Social workers under fire as ‘urchins’ returned to parents

SOCIAL work chiefs have defended their decision to allow four children who were described as living like “street urchins” to be returned to their parents.

The children, aged between seven and ten years old, were found sleeping on dirty bed sheets on the floor of a filthy house in Niddrie by horrified police officers who called to give their parents a formal warning about one of the youngsters running wild.

They found the children living in squalor, with dirty faces and matted hair. Their 48-year-old mother was said to be “totally indifferent and unconcerned” when confronted.

The youngsters were immediately taken into care when their plight was discovered in April last year, but it was revealed at Edinburgh Sheriff Court yesterday that they had been returned to their parents just a week later.

Their children’s 35-year-old father, who had been carefully cultivating cannabis plants in a cupboard in the house as the children were neglected, was ordered to complete 100 hours of community service after admitting drug cultivation.

Sentence was deferred on the mother, who had admitted neglect.

Sheriff Michael O’Grady said he wanted to monitor the situation before sentencing her: “I view this as a serious matter and what I’m going to do does not reflect that I don’t. I want an eye to be kept on the situation and on you,” he said.

The mother’s solicitor, Keith Leishman, said social workers were meeting the couple every week: “The children were only away for a week and that might reflect the social work department’s attitude to their welfare,” he said.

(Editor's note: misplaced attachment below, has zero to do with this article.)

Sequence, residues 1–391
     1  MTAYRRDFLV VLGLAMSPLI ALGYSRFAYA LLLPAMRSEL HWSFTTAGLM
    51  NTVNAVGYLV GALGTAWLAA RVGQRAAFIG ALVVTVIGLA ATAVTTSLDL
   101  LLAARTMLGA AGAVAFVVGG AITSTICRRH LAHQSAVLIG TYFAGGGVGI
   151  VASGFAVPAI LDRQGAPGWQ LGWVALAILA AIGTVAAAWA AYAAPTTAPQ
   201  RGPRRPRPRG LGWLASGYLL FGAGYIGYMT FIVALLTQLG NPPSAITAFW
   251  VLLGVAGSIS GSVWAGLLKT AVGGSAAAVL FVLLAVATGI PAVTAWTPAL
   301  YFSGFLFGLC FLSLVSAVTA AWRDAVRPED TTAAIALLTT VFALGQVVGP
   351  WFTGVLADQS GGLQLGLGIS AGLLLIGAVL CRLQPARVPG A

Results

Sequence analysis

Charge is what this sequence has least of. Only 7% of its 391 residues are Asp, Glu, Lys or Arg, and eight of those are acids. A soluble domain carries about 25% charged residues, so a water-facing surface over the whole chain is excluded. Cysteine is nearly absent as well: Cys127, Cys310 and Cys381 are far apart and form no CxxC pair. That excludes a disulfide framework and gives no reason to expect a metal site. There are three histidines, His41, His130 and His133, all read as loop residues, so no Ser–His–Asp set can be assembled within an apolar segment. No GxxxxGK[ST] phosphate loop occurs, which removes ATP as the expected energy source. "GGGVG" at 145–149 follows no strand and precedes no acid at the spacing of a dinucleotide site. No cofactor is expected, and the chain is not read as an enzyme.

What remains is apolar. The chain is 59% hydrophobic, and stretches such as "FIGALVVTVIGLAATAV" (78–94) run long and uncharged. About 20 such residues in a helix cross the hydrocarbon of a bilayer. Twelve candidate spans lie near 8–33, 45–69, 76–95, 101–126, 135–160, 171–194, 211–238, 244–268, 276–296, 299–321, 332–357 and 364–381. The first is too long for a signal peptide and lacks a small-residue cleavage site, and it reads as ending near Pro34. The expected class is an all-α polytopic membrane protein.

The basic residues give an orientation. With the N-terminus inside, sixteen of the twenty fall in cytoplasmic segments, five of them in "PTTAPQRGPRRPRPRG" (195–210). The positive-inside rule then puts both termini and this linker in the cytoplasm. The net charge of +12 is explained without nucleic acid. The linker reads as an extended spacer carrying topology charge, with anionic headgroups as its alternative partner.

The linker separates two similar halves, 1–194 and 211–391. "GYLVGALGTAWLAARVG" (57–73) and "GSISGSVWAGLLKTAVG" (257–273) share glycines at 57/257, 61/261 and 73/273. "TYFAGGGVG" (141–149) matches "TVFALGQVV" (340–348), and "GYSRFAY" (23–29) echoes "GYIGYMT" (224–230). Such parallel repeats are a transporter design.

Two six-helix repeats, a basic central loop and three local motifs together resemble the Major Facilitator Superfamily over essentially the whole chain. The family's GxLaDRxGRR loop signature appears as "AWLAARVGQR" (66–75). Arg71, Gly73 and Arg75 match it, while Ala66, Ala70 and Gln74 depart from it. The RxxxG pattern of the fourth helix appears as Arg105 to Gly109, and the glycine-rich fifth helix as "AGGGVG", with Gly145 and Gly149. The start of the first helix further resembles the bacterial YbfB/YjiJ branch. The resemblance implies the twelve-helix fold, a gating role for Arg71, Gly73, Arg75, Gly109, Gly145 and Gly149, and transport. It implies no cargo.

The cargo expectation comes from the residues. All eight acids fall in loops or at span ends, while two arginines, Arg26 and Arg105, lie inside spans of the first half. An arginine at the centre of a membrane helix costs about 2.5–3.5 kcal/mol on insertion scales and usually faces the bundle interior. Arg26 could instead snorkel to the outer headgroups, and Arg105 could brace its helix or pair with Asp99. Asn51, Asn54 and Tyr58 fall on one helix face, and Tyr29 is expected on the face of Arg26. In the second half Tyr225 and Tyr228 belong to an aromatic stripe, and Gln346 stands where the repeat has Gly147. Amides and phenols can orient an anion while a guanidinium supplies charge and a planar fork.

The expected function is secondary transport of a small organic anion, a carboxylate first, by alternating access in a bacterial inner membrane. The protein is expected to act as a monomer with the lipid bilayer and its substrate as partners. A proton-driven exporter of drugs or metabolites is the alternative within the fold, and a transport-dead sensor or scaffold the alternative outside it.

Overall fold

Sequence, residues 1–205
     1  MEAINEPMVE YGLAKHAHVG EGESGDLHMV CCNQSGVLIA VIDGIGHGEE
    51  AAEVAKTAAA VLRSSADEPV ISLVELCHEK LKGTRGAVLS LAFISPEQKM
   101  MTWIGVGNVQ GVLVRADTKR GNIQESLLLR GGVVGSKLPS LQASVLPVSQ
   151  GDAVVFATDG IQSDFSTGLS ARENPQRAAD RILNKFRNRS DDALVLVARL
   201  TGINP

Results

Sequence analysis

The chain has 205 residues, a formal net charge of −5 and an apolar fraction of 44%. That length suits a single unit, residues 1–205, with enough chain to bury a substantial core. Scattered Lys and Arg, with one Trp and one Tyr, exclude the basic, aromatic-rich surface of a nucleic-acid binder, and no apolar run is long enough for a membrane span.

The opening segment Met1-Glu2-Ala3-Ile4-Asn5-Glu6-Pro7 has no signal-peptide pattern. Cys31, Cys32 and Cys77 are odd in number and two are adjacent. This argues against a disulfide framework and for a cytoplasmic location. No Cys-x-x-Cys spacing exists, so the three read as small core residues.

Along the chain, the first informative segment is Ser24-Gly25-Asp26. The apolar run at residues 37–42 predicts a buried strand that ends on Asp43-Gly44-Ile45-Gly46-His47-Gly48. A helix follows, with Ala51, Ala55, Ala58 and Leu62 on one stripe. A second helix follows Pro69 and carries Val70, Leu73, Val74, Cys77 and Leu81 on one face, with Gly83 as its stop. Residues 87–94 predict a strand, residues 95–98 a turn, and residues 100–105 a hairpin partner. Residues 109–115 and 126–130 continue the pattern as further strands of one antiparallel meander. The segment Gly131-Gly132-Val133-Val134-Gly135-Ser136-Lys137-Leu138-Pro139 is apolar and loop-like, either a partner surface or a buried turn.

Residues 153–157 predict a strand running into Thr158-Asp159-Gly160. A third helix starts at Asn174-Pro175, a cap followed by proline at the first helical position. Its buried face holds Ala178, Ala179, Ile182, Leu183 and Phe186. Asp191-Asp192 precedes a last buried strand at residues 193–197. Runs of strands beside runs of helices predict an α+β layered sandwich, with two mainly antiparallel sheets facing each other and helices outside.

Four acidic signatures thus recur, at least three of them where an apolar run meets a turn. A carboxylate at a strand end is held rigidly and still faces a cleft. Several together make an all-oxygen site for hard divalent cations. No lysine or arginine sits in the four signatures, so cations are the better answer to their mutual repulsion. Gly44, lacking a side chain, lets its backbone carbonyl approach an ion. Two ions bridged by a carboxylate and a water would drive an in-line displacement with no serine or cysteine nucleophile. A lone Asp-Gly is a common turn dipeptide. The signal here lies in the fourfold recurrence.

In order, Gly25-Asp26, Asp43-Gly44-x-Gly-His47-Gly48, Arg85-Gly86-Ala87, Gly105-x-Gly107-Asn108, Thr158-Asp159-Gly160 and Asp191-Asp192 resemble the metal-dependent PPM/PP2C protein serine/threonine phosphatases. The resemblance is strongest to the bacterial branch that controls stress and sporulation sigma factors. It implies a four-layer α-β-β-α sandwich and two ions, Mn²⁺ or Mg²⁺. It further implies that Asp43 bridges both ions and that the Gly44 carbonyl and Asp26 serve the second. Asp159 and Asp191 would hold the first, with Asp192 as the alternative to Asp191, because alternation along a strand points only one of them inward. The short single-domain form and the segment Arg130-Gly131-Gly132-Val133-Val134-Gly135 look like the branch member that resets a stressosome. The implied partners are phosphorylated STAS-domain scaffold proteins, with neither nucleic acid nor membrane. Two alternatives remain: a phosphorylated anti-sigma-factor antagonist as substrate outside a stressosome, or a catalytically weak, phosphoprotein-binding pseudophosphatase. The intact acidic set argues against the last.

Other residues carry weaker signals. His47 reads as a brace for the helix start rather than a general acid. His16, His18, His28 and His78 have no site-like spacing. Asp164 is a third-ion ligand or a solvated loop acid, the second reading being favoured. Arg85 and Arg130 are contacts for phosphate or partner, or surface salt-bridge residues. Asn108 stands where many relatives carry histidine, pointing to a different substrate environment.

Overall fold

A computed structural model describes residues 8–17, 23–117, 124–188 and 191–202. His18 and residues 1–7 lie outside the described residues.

However, Tory shadow minister for Children, Schools and Skills, Liz Smith, MSP, criticised the children’s return to their parents.

“I am deeply concerned by this announcement and I am sure that view will be shared by many people in the Niddrie community plus parent groups all across Scotland,” she said.

She added: “The punishment does not seem appropriate and there must be huge question-marks about the wisdom of allowing the children to remain where they are.”

However, Edinburgh’s children and families convener, Cllr Marilyne MacLaren, defended her staff.

“Our social workers always act in the best interests of the child and it’s a shame that the Tories are trying to score cheap political points at the expense of our dedicated staff when they do not know the details of the case,” she said.

A city council spokesman added: “It’s in the best interests of the children that the details of this case remain confidential but our staff always prioritise the safety of the child.”